As white celebrities come under fire for bribing colleges to accept their kids in an education scandal that reminds us how privilege has pushed certain teens ahead in life and cheated others in terms of educational opportunity, Dylan Chidick, 17, of Jersey City, N.J. shows that the rules don’t need to be broken.
While $25 million was uncovered by the FBI to be used in bribery, along with cheating on college exams, and fake scholarships, Khadine Phillip, Chidick’s mom, got up the courage to seek help from a nonprofit called Women Rising and get her family in a better position to succeed.
Chidick has been accepted to 17 schools, including New Jersey City University (Fair360, formerly DiversityInc CEO Luke Visconti is on the university’s board), Ramapo, and Albright and he’s hoping for the College of New Jersey to make the number of acceptances 18.
Phillip, unlike the privileged celebrity parents, sought help the right way to help her child succeed.
“She is a great example in doing everything necessary to help her children,” said Roseann Mazzeo, executive director for Women Rising, the nonprofit that assists women and families in poverty with housing, job placement and counseling.
Given that Black students have many more obstacles to getting into college, including fitting into the mold of non-radical student, getting better grades and working harder than white privileged students, and prove that they don’t cheat, Chidick’s accomplishment stands out even more.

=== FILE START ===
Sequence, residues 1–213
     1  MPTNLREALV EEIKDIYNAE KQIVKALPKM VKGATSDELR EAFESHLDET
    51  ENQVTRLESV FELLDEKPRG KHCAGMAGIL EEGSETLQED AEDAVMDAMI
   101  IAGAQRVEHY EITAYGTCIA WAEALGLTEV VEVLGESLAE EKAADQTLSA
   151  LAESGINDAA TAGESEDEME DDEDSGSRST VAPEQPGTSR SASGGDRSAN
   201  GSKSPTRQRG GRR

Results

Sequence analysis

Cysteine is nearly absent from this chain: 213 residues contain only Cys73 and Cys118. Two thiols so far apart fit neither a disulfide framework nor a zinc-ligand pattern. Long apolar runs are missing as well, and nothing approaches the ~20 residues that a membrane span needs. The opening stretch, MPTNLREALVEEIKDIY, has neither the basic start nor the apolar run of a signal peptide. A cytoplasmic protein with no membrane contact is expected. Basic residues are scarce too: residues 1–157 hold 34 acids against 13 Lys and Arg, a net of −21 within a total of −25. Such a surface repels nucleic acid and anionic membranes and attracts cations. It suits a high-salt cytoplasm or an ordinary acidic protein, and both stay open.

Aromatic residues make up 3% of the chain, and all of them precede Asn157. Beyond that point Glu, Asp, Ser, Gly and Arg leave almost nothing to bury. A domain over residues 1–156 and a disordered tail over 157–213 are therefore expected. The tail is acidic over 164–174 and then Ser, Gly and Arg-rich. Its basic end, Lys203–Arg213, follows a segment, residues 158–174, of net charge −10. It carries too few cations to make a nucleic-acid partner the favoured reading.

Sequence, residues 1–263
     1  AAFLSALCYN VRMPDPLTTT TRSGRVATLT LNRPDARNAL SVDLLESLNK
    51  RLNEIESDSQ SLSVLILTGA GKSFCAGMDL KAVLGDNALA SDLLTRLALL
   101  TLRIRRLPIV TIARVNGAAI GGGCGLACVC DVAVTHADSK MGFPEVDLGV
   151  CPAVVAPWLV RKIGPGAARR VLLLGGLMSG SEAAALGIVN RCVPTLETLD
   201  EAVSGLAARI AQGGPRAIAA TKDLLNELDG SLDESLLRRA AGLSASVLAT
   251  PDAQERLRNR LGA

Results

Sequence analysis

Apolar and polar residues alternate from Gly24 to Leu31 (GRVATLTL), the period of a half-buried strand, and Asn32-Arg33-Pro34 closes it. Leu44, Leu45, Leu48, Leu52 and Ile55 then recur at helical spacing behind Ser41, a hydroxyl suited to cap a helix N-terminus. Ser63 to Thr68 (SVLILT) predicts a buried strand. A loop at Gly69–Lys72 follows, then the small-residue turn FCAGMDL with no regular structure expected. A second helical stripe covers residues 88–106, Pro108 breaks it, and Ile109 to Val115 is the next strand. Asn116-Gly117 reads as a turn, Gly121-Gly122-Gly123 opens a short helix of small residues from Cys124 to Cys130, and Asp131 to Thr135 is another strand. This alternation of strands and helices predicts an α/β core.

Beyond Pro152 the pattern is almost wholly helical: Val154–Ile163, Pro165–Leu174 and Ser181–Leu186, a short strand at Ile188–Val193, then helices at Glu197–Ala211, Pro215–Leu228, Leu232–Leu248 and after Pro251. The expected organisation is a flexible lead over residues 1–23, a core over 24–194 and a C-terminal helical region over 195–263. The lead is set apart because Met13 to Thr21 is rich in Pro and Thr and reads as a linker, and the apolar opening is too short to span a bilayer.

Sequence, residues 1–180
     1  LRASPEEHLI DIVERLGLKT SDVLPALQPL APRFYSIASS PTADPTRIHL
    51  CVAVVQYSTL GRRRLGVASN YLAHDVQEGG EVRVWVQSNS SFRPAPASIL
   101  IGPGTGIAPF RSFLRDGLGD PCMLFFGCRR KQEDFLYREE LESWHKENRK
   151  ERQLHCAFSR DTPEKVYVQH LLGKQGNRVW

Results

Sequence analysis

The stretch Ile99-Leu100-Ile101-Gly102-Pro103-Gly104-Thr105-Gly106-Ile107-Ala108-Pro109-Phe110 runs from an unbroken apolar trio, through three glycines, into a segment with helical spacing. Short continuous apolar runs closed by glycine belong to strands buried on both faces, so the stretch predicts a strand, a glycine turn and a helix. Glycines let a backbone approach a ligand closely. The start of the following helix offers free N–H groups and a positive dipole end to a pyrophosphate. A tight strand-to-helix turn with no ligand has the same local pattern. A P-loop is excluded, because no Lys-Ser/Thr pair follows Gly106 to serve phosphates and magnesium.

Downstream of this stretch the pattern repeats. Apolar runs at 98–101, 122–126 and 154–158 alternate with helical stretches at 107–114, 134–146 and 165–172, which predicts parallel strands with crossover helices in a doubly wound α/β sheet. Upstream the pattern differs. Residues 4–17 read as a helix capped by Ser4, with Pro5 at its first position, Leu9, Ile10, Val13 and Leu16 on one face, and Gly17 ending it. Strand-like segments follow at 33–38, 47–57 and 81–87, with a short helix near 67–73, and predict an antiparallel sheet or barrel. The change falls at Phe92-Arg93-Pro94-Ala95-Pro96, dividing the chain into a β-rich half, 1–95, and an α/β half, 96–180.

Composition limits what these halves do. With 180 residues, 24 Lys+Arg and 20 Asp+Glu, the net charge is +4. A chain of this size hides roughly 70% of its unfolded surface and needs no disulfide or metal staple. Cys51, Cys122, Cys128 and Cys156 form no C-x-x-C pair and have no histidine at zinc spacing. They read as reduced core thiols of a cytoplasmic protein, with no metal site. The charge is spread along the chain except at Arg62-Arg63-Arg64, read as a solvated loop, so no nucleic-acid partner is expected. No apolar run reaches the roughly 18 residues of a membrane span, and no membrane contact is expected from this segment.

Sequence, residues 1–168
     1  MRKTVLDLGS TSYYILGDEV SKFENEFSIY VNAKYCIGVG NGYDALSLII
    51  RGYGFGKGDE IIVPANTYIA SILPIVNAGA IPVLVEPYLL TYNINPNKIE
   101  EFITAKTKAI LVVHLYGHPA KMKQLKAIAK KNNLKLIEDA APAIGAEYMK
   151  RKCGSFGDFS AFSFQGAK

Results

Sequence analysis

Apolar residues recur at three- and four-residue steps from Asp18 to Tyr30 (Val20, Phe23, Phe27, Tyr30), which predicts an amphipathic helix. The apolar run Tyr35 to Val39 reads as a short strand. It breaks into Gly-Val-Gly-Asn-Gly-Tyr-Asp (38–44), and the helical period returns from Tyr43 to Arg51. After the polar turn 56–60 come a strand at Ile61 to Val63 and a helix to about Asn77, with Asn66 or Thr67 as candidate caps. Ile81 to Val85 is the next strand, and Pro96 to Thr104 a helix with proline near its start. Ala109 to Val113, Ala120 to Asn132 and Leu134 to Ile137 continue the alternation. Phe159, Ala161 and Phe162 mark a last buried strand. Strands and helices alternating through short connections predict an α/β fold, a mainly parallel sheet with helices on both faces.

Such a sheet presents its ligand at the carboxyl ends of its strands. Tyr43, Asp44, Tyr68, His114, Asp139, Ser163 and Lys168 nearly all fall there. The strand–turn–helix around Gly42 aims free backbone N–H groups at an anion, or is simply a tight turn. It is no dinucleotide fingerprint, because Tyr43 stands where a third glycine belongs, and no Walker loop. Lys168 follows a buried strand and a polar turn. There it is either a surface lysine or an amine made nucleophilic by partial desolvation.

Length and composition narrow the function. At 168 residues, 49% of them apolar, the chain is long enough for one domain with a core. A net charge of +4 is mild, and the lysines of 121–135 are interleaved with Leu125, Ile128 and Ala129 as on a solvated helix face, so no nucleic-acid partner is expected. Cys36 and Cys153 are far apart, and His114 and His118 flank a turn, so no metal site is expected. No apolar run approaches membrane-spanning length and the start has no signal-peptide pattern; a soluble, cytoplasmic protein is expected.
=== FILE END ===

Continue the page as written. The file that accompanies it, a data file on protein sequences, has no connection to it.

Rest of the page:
His mom came to the U.S. from Trinidad 10 years ago with her children and became citizens. But the family struggled through homelessness as she worked to care for all her children, including two younger twin boys with serious heart conditions. Chidick saw his mom push through the struggles and she inspired him to aspire for a better life.
“Making herself vulnerable and putting herself out there, that made me determined to never let us get back in that situation again,” he said.
Chidick was inducted into the honor society and became senior class president at his high school.
“My family went through a lot and there has been a lot of people saying, ‘you can’t do that,’ or ‘you’re not going to achieve this,’ and me — getting these acceptances — kind of verifies what I have been saying. I can do it and I will do it,” Dylan Chidick said.